When I was in 6th grade I picked up and read a book up in the school library called Citizen of the Galaxy, by Robert Heinlein. I loved it, and that started a lifelong love not only of Science Fiction, but of Robert Heinlein. Over the years I have found my life has been influenced by the ideas he developed in his many novels. He was definitely my favorite author.
In college I found The Hobbit and read it and the rest of the series, including The Silmarillion, by J.R.R. Tolkein. I loved these books as well.
One day a number of years ago I read, on the internet somewhere, a reference to a character named Lerris. I was intrigued enough by the description to do some research and I found out that he was the protagonist of a book called The Magic of Recluse, by L.E. Modesitt. That book was the first in a series called The Saga of Recluse, which has now grown to 15 books.
I now own every book of Mr. Modesitt's that is available in paperback (it's too hard to stuff a hardback book in my back pocket) and read most of them more than once. Some of them I've carted around and read enough times that I have had to replace my original copy with a new one.
I met him (Modesitt) last night :)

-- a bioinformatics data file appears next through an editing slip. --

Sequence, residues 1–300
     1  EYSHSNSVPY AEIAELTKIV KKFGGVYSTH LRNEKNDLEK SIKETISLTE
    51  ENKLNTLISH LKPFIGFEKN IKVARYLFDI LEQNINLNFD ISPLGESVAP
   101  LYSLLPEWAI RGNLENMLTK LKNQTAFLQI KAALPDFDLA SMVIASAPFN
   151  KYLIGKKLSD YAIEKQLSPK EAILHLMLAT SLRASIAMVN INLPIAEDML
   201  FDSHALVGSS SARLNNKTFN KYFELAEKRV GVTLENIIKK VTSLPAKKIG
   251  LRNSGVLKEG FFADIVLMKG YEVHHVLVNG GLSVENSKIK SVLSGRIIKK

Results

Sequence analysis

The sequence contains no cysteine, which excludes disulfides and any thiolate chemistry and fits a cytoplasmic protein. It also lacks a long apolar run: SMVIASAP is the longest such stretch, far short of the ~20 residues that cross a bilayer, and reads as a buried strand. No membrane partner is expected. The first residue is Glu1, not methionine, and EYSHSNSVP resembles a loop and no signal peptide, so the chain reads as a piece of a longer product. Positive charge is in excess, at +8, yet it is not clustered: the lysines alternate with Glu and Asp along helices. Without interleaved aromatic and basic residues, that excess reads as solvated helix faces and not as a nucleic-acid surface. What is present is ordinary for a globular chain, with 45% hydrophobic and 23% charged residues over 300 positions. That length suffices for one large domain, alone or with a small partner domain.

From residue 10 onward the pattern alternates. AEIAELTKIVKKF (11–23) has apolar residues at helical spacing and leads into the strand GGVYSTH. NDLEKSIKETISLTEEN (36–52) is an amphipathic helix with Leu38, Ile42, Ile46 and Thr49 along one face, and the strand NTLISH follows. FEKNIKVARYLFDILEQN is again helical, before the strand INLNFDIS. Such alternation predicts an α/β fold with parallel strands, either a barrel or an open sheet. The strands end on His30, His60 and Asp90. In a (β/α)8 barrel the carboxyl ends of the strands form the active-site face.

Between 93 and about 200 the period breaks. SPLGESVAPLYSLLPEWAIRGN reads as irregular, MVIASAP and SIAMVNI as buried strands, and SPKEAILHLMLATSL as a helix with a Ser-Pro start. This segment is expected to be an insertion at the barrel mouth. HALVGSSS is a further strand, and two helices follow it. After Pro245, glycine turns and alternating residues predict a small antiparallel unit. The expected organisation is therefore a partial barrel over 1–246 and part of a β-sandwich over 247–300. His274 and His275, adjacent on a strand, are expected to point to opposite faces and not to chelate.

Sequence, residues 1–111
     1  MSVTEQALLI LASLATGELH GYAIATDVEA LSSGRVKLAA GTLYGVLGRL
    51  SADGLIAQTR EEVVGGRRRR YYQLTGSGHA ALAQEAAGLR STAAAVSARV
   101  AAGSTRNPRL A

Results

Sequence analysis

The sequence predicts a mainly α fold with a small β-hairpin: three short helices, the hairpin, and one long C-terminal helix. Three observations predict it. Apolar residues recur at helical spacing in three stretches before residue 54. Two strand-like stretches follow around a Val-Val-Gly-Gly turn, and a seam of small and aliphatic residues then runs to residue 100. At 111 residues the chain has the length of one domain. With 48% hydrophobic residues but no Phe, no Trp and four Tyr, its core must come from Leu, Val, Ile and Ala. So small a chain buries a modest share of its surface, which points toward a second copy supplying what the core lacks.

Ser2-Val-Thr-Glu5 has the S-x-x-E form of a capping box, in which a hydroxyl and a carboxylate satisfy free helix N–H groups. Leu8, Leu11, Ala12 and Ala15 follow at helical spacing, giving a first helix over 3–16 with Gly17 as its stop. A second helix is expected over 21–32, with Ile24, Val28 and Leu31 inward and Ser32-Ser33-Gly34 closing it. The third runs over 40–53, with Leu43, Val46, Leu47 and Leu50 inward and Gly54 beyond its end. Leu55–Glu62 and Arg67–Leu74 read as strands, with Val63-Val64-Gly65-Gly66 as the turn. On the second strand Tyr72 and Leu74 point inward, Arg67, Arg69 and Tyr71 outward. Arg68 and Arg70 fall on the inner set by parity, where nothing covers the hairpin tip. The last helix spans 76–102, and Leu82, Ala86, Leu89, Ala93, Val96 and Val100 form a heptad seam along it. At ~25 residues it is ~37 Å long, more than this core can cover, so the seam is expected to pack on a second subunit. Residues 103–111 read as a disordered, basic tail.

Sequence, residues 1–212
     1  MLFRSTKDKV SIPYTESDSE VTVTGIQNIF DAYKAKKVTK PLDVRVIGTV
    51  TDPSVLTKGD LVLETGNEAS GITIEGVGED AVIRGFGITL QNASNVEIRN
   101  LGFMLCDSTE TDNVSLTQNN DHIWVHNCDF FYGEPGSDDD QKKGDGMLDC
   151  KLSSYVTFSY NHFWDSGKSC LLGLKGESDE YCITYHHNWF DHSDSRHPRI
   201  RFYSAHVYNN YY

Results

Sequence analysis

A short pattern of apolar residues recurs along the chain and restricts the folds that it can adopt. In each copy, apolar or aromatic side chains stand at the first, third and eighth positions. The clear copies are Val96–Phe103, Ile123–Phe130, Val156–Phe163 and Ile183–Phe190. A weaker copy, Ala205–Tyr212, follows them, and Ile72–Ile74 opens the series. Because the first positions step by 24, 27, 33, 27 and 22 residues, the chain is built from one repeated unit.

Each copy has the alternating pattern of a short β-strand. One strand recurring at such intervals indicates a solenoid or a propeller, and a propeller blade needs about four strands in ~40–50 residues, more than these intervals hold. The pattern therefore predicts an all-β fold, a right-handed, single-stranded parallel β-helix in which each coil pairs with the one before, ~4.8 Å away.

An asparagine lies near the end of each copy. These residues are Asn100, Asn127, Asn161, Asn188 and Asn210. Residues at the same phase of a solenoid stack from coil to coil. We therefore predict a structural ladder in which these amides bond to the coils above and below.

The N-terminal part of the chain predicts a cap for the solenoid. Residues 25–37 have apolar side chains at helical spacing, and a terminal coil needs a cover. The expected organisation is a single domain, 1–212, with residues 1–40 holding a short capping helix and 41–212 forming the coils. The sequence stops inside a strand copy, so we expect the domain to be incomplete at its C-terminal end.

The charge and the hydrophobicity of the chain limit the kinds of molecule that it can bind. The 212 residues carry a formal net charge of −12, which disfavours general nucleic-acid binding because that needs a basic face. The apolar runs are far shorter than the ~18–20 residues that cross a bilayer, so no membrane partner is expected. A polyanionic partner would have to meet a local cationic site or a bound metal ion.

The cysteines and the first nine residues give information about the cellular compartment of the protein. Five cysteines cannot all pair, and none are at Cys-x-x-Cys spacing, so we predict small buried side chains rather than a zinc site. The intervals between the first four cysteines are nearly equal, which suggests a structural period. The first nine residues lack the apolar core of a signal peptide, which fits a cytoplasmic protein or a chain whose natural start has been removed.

There is a Sci-Fi/Fantasy convention in town (Spokane, WA) this weekend on the campus of Gonzaga University, called SpoCon 2009. Mr. Modesitt is the "Guest of Honor". He and four other authors had a book signing event last night at Auntie's Book Store, a local independant. This event was scheduled at the last minute, and wasn't even mentioned in the morning "Local Events" segment on NPR. But a friend who knows I am a Modesitt fan found out about it and told me.
I got to spend a few minutes with Lee (I don't know what to call him now that I have met him, but he goes by Lee) and then he got busy signing and talking. So I spent almost two hours talking to his lovely wife Carol, an opera singer and famous in her own right, and the inspiration for her husband's Spellsong Cycle series.
I think I found out about as much about Lee from her as I would have from him, and had a delightful time doing it. She, by the way, is scheduled to sit on several panels during the convention, including one titled "How to feed an artist". Since he writes 12-15 hours a day, 7 days a week, I would think that would be a very approprite discussion.
Did I mention that he took Heinlein's place as my favorite author?
Lee Modesitt is the only living person, other than LDS church leaders, that I would go out of my way to meet. The two others that would have fit that description are Robert Heinlein, of course, and J.R.R. Tolkein, both of which have passed away.